Stacks


Stacked Seismic Traces  [c.22]

Shallow marine/ coastal (clastic) Sand bars, tidal channels. Generally coarsening upwards. High subsidence rate results in stacked reservoirs. Reservoir distribution dependent on wave and tide action. Prolific producers as a result of clean and continuous sand bodies. Shale layers may cause vertical barriers to fluid flow.  [c.79]

This procedure can be easily carried out for a set of reservoirs or separate reservoir blocks. It is especially practical if stacked reservoirs with common contacts are to be evaluated. In cases where parameters vary across the field we could divide the area into sub blocks of equal values which we measure and calculate separately.  [c.156]

In reality, aircraft parts can consist of several stacked layers of material, eonnected by rivets or bolts. To avoid corrosion, the layers are often protected by a special coating, so that there is no electrical connection between the layers. If there is a crack for example in the middle layer, no current will thus flow above or below the defect because of the insulating coating between the layers. There is only the possibility for the current to flow around the crack in the x-y  [c.259]

Right Fig. 4.2 Cross section of the test object. Comparison between the eddy eurrent density close to a crack in either a massive (bottom) or a stacked sample (top).  [c.260]

Show what the maximum possible value of is for the case of a two-dimensional emulsion consisting of uniform, rigid circles (or, alternatively, of a stacking of right circular cylinders).  [c.526]

Figure B3.3.13. Intersecting stacking faults in a fee crystal at the impact plane induced by collision with a momentum mirror for a square cross section of side 100 unit cells. The shock wave has advanced half way to the rear ( 250 planes). Atom shading indicates potential energy. Thanks are due to B Holian for tliis figure. Figure B3.3.13. Intersecting stacking faults in a fee crystal at the impact plane induced by collision with a momentum mirror for a square cross section of side 100 unit cells. The shock wave has advanced half way to the rear ( 250 planes). Atom shading indicates potential energy. Thanks are due to B Holian for tliis figure.
Figure C2.2.7. Schematic illustrating tire classification and nomenclature of discotic liquid crystal phases. For tire columnar phases, tire subscripts are usually used in combination witli each otlier. For example, denotes a rectangular lattice of columns in which tire molecules are stacked in a disordered manner (after [33]) Figure C2.2.7. Schematic illustrating tire classification and nomenclature of discotic liquid crystal phases. For tire columnar phases, tire subscripts are usually used in combination witli each otlier. For example, denotes a rectangular lattice of columns in which tire molecules are stacked in a disordered manner (after [33])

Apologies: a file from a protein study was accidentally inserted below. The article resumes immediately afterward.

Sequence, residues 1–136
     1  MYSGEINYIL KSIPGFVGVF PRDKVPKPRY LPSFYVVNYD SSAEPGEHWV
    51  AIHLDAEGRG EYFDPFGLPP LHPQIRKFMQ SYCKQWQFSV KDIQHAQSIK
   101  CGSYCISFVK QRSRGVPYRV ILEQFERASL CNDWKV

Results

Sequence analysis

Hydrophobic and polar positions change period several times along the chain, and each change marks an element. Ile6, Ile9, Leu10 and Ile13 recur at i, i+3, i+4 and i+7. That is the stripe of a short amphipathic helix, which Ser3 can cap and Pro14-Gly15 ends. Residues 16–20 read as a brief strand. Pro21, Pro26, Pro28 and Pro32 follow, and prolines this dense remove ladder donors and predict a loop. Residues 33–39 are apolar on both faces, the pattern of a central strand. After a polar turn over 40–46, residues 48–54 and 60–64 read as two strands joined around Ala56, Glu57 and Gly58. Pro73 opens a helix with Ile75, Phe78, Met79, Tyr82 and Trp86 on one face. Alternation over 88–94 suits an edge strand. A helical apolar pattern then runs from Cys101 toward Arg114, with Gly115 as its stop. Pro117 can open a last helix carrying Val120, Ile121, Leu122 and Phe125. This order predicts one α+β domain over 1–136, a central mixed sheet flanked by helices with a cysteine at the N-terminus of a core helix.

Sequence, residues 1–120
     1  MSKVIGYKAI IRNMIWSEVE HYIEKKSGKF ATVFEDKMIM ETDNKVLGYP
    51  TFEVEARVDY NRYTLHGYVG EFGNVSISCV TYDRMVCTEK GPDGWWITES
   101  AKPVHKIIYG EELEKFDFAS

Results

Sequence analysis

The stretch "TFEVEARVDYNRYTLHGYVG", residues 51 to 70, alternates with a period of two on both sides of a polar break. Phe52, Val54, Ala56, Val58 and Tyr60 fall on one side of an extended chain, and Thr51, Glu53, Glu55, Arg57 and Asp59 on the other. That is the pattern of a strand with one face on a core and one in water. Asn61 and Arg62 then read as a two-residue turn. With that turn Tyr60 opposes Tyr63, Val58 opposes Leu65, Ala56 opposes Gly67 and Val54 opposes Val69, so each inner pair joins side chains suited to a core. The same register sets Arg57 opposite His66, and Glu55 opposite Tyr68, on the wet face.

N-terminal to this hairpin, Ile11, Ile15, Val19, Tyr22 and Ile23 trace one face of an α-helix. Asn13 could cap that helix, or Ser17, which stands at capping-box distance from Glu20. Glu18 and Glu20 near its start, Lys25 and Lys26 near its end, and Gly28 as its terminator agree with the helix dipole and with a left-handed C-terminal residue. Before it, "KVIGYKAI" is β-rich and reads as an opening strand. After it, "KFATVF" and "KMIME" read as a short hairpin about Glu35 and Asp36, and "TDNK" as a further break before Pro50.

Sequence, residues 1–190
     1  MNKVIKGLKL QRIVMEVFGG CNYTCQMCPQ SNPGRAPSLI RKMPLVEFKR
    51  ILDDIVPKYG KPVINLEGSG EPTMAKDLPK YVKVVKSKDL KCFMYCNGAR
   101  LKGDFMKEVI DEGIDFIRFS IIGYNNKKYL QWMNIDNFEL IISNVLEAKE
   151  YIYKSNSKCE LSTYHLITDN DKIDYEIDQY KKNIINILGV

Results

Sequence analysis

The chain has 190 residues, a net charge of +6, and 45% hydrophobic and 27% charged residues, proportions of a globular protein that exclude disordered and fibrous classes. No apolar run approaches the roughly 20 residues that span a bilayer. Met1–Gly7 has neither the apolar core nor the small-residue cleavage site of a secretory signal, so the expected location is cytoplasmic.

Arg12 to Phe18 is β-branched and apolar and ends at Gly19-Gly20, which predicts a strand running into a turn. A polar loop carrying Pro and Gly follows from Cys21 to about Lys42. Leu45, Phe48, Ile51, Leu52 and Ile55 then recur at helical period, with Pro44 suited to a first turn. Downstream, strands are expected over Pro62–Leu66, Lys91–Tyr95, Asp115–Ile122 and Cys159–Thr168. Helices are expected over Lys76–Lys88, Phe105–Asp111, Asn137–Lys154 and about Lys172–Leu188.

Extended defects range from well characterized dislocations to grain boundaries, interfaces, stacking faults, etch pits, D-defects, misfit dislocations (common in epitaxial growth), blisters induced by H or He implantation etc. Microscopic studies of such defects are very difficult, and crystal growers use years of experience and trial-and-error teclmiques to avoid or control them. Some extended defects can change in unpredictable ways upon heat treatments. Others become gettering centres for transition metals, a phenomenon which can be desirable or not, but is always difficult to control. Extended defects are sometimes cleverly used. For example, the smart-cut process relies on the controlled implantation of H followed by heat treatments to create blisters. This allows a thin layer of clean material to be lifted from a bulk wafer [261.  [c.2885]

P values reported for DNA electron transfer vary from 0.2 to 1.5 A Assuming that the reactions proceed by single-step tunnelling (see equation C3.2.5), explanations of the physical origin for this wide range of values include (a) the stacking interactions (Eof equation (C3.2.8 )) might be highly variable because of variations in the nature of stacking or (b) changes in the energy denominator by changes in the average energetics of the redox active donor and acceptor orbitals. An alternative explanation for small apparent p values is that the process proceeds by multistep hopping (figure C3.2.15), where many very rapid short distance steps lead to a weak apparent distance dependence. Indeed, recent experiments involving oxidation of guanine, most likely fall in the regime of either tunnelling or multistate hopping, depending upon the details of the way in which the system is constmcted.  [c.2989]